WAR ON ECONOMY
June 7, 2019
Scott Morrison’s Queensland election “miracle” seems to have left many southerners scratching their heads, but after living under a Green Labor government for the past five years, Queenslanders knew what a Green Labor federal government would bring.
The Palaszczuk Government has been busily passing legislation to secure Green preferences in the next election. The result is like a declaration of war on key pillars of the Queensland economy.
Queensland Budget Week
On Monday I head back to Parliament for Budget week. It won’t be good and I wonder how many tricks Jackie Trad has left in the bag to disguise the true state of affairs.
She could sell the Port of Brisbane, Queensland Motorways and Queensland Rail National without taking it to an election.
Whoops! Been There – Done That!
She could take billions from the public service superannuation fund, without wondering how future governments will meet this obligation.
Done That Too!
She could shift debt off the government’s books by moving it over to government-owned corporations like SunWater, Ergon and Energex.
… That Too!
She could instruct the same government-owned corporations to pay the Government 100 percent of their profits, leaving nothing to re-invest in maintaining their business infrastructure.
Already Doing That –
What about raising taxes, duties and charges? Done that everywhere from fines to vehicle registration to foreign property buyers. And we also have five new taxes and counting.
The Al Capone Model of Taxation
So with more front than Myers, Treasurer Trad demands a “voluntary donation” of $70 million from the State’s miners. This is the same pillar of the economy that has been paying record royalties. It is tipped to be $4.2 Billion this year. No other Queensland Government has received royalties on this scale. In addition, they also pay payroll tax and their employees all contribute to GST.
But there is little recognition and no gratitude. Just a demand for a “voluntary” donation.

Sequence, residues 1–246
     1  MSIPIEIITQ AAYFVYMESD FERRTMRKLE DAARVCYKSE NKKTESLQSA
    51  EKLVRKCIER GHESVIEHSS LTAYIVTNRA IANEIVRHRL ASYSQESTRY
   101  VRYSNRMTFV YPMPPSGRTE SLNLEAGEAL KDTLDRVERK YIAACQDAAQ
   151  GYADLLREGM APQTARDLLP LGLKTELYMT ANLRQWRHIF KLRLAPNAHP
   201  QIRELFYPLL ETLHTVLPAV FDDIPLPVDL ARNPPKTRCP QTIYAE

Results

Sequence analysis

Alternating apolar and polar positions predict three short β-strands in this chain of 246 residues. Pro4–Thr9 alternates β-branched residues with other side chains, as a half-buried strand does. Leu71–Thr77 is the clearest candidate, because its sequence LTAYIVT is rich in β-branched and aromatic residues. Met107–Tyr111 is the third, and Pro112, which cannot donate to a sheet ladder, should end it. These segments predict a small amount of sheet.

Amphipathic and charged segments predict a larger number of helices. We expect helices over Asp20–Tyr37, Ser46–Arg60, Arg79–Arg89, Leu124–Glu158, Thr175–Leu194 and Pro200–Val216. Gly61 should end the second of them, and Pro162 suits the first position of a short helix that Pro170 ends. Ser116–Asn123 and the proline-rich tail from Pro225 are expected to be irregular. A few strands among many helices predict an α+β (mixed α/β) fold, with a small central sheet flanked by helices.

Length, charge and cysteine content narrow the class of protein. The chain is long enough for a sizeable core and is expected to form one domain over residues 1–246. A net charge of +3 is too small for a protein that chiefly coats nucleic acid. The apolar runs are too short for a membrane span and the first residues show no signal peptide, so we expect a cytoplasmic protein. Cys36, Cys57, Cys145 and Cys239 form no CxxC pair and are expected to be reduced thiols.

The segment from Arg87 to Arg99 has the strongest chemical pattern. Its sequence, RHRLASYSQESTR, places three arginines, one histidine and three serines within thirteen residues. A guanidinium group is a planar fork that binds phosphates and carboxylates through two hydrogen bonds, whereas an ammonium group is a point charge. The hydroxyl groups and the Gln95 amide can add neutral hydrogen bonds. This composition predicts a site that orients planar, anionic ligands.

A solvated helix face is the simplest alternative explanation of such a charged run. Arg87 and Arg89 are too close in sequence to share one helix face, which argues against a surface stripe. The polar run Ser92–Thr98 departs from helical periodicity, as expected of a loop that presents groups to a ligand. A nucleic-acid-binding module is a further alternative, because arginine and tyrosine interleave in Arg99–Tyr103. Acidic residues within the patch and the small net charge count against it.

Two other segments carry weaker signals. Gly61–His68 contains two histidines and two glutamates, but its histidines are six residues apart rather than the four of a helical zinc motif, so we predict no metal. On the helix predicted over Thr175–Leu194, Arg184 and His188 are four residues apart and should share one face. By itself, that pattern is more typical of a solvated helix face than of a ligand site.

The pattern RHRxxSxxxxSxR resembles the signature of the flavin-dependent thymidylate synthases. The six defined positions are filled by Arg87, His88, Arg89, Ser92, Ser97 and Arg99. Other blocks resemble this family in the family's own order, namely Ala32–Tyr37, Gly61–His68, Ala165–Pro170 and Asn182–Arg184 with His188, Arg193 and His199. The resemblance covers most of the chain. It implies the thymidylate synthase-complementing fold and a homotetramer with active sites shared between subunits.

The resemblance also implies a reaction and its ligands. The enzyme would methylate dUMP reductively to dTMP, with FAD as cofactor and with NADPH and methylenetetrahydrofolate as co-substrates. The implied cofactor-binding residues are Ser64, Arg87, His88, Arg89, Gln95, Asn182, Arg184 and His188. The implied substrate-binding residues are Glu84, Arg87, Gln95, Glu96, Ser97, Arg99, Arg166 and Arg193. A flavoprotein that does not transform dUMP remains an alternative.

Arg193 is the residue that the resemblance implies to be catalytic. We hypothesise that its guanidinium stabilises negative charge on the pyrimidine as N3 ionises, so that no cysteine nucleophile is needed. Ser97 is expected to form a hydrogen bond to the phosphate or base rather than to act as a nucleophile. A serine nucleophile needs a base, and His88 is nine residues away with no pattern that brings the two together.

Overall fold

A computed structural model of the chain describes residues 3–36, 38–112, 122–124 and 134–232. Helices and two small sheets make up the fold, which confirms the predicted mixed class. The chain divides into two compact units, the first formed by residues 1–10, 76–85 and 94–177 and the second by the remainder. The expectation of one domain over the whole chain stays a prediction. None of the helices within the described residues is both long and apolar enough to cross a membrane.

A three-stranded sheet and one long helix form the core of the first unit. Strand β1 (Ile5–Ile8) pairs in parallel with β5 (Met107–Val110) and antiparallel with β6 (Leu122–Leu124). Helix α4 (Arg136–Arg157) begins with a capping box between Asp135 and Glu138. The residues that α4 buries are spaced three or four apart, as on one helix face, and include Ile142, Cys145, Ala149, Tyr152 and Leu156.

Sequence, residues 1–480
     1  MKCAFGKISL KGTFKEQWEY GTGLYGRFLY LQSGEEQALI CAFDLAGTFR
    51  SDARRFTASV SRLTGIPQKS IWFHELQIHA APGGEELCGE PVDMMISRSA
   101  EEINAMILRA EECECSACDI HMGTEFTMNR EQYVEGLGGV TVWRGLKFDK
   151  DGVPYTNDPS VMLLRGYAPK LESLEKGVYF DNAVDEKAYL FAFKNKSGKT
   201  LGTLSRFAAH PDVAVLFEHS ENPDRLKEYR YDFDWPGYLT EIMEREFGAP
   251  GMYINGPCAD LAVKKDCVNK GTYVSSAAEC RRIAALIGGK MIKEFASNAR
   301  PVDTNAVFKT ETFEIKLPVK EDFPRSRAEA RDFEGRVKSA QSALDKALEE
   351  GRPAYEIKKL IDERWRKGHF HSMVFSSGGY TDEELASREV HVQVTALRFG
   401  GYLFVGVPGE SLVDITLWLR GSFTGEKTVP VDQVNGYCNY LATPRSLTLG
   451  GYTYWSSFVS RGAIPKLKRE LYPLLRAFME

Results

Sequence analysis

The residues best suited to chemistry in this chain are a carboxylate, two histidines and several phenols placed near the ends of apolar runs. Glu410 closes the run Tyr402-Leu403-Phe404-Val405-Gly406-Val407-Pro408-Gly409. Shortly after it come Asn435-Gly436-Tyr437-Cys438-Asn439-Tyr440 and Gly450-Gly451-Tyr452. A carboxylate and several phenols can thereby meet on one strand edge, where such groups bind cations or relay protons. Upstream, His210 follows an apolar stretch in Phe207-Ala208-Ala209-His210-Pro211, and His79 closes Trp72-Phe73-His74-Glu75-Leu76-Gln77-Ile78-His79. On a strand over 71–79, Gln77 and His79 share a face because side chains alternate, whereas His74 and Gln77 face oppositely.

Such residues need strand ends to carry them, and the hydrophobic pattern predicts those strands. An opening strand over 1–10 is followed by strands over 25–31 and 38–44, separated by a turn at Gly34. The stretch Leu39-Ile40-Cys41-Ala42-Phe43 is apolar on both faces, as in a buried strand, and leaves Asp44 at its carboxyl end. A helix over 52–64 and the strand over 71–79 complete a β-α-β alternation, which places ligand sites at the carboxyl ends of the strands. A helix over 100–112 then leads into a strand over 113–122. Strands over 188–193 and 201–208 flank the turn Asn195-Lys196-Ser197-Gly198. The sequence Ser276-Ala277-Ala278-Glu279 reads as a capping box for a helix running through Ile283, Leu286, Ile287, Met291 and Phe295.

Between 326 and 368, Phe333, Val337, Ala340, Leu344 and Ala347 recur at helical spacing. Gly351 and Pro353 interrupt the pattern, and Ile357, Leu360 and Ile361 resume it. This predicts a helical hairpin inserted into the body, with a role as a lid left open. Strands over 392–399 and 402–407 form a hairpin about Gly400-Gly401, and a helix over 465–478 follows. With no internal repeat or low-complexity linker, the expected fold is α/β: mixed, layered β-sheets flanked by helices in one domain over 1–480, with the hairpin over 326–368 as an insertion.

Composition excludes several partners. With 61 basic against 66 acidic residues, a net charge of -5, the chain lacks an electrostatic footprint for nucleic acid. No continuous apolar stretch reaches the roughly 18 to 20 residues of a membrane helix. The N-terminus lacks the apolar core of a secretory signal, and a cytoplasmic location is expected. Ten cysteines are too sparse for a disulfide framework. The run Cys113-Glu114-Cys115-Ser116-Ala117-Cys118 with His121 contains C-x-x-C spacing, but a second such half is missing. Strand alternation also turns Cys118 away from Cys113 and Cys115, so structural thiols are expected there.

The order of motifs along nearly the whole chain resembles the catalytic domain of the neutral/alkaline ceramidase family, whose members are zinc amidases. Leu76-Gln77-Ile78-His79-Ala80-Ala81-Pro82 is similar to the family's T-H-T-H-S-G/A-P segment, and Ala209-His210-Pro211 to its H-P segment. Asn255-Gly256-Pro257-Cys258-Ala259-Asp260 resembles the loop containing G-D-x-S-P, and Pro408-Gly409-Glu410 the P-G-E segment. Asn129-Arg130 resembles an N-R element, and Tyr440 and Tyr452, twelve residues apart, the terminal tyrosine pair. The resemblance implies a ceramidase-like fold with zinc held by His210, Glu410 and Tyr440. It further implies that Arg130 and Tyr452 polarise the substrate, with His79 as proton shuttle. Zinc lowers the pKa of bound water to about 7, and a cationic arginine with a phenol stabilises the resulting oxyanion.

Your Money – and your Life!
While demanding more money from miners, Jackie Trad tells her Green mates that she is closing down coal mining in Queensland. She even has an advisory panel called the Just Transition Group to plan the when and how.
Toppling the Pillars
The previous LNP government saw the Queensland economy as having four key pillars: mining, agriculture, tourism and construction. The aim was to boost the investment in each sector to grow the productivity of each. Jobs and prosperity would be the result.
But Labor seems to be ideologically against three of those sectors. It publicly says it wants to close down coal mining. It has gone to war with agriculture and construction is at a standstill, both in the public sector and in the private sector.
The number of housing approvals has fallen every month for 15 consecutive months, since January 2018. In March 2019, housing approvals in regional Queensland made up just 15 per cent of all approvals. In the March quarter of 2019, the value of construction work done in Queensland was the lowest since 2006.
Attacking the Tradies
Meanwhile the Industrial Relations Minister has brought in heavy fines for builders breaching her new regulations on cement dust, even though the builders can’t purchase the safety equipment needed until it is imported from overseas. I know of one regional builder who closed two work sites rather than cop the $3,600 fine.